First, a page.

Race: Are We So Different?

In 2007, The Science Museum of Minnesota and the American Anthropological Association created Race: Are We So Different in hopes of combining three major fields of study into an engaging and interactive exhibit. This exhibition focuses on the historical, cultural, and biological components that contribute to the construction of race. By talking about these three fields, the exhibit hopes to create dialogue about what race is and what it is not.

America has a long history of trying to conceptualize the idea of race. Race is an enduring concept that has molded our nation’s economy, laws, and social institutions. People used the concept to explain physical differences, it set forth an idea that skin color sets us apart. Race remains an issue today and affects millions of people. This is despite the recent discoveries that reinforce the accepted scientific fact that we all have a common ancestry [1]

As mentioned, the exhibit is presented in three components. Each component tells the visitor something. By going through the exhibit, the average visitor will come to term about how the concept of race impacted all parts of life.  These components represent relatable topics to our society today.

For example, the biological components talk about the recent discoveries made.  The recent discoveries focus on human genetics. Genetic research has shown that the differences in races are due to our ancestors moving around.  Certain places like Africa were warmer than others. Our ancestors in Africa needed to keep cool so they adapted to their enivornment by reducing the amount of body hair. With less body hair, this caused lack of skin protection which led to sun damage. Skin would evolve to be permanently dark which served to protect against sun damage. The exhibit discourages using race to analyze the differences among human variations. Race:AWSD proposes that the better way by examining genetics. They even counter the argument that sickle-cell is a black disease. It is not a black disease; it is a disease prevalent in Africa and Middle East which happens to have a warm climate and malaria is rampant. The human there just happens to be adapted to warm climate and sun damage. [2]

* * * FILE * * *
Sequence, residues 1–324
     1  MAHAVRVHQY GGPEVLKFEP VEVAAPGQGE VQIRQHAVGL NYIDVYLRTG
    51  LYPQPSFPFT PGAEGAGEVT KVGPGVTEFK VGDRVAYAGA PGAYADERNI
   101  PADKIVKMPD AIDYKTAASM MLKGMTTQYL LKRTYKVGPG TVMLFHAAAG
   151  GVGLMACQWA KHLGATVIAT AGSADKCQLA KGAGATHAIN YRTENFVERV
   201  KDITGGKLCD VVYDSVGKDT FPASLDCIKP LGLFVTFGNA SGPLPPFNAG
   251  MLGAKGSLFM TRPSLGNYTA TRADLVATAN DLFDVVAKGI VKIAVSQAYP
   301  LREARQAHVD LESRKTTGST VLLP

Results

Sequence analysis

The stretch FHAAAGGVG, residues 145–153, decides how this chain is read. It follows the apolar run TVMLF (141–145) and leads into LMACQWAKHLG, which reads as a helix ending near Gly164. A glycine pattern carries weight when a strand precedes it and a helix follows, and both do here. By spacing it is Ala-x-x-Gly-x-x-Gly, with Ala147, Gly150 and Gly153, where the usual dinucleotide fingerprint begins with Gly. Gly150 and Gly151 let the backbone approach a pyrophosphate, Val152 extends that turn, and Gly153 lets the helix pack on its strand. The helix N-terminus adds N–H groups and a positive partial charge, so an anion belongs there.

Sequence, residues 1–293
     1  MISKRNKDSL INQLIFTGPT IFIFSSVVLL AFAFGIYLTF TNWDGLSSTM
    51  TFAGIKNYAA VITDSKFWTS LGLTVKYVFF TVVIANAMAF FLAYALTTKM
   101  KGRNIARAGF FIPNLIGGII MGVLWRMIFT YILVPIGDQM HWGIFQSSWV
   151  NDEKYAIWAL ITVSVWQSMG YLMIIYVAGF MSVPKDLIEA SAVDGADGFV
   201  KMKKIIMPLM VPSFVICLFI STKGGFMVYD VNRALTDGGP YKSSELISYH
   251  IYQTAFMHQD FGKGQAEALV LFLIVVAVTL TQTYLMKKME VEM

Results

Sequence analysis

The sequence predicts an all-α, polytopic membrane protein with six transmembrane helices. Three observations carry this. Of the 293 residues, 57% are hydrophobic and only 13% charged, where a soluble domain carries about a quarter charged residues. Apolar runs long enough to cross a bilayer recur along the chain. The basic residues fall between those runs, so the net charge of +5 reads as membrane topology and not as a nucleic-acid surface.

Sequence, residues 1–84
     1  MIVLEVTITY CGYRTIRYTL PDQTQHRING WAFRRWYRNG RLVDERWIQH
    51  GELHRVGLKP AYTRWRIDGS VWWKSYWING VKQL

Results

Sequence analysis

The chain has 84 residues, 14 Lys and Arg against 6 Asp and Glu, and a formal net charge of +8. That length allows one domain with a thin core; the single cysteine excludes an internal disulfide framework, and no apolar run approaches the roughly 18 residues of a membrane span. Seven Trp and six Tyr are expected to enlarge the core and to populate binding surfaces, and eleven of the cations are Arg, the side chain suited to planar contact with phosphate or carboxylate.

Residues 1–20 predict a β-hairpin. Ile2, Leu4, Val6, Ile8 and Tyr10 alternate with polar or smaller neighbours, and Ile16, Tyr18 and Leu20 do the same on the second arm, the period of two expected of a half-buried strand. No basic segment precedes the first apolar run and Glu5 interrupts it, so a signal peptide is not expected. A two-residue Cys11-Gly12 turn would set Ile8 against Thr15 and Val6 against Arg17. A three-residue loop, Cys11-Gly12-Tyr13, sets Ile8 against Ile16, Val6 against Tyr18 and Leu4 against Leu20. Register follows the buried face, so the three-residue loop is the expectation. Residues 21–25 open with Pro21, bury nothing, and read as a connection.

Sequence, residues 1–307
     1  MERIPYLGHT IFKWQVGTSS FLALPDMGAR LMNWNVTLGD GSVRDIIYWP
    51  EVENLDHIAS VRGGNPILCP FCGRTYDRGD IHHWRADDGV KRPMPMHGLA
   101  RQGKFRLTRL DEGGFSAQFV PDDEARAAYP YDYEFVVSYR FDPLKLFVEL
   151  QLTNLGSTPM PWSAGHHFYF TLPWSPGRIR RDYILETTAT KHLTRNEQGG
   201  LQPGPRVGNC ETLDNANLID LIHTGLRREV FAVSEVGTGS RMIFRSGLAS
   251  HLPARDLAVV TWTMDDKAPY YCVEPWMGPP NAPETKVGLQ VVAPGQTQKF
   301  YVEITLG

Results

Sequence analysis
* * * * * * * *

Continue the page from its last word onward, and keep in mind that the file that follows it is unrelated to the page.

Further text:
As it is a travelling exhibit, there have been opportunities for Race: AWSD to complement other exhibitions. While at the Pacific Science Center in Seattle, the Wing Luke Museum of the Asian Pacific American Experience curated War Baby/Love Child, an exhibit focused on the artwork focusing on the artists’ experiences as Asian-Americans. War Baby/Love Child did capture the experience of Asian-Americans but the exhibit connected to the visitor’s emotion by talking about personal experiences with adoption, sexuality, and other important themes. [3] Race: AWSD offered a sense of understanding about race while War Baby/Love Child added the personal connections.

Recently, the exhibit has been used to facilitate further dialogue about race. At the Carnegie Museum of Natural History, the museum hosted a Youth Summit on Race and Identity in conjunction with their youth initiative. The museum wanted to attract more teenagers. Twenty teenaged participants of diverse backgrounds were asked to join the Youth Summit and help create dialogue at Race:AWSD. As Ferguson occurred, the teenagers created further dialogue and the teens saw their chance to speak out. As their projects for the Summit, these teenagers had roundtables at their high schools, produced trading cards, created poetry, and interviewed people on the street about race. These projects were displayed during the Youth Summit. As the Summit came, there were 120 participants, which included the 20 teenagers who created the various media.[4]

In the end, the exhibit has proven to be immensely popular. It started in 2007 in Minnesota and has been exhibited at more than 30 museums. This year, it will return home to the Science Museum of Minnesota in October and be on display until 2018. Perhaps the exhibit will find a chance to grow or be used for more dialogue like the Youth Summit.


[1]”Race: Are We So Different.” Youtube video, 5:22. July 8, 2009. https://www.youtube.com/watch?v=8aaTAUAEyho.

[2]Race: Are We So Different. http://www.understandingrace.org/humvar/index.html. Accessed 4/5/15.

[3] Jessica Davis. “Behind the Curtain Race is a Common Theme in Local Exhibits.” City Living Seattle,  September 19, 2013. http://citylivingseattle.com/Content/News/Out-and-About/Article/BEHIND-THE-CURTAIN-Race-is-common-theme-in-local-exhibits/22/172/89407.

[4] Weenta Girmay. “A Conversation about Race: an Exhibit, a Summit and an Identity.” Remake Learning, October 16, 2014. http://remakelearning.org/blog/2014/10/16/a-conversation-about-race-an-exhibit-a-summit-and-an-identity/.


One thought on “Race: Are We So Different?

  1. This seems like a very engaging exhibit. It powerfully makes the point that while people have genetic and physical differences, underneath it all we’re really the same, biologically speaking. But it also doesn’t deny that race is a powerful force in our lives. I hope this exhibit really makes people think critically about their preconceptions and the role that race and racial ideologies have in our lives, and contribute to greater understanding between people of different backgrounds.

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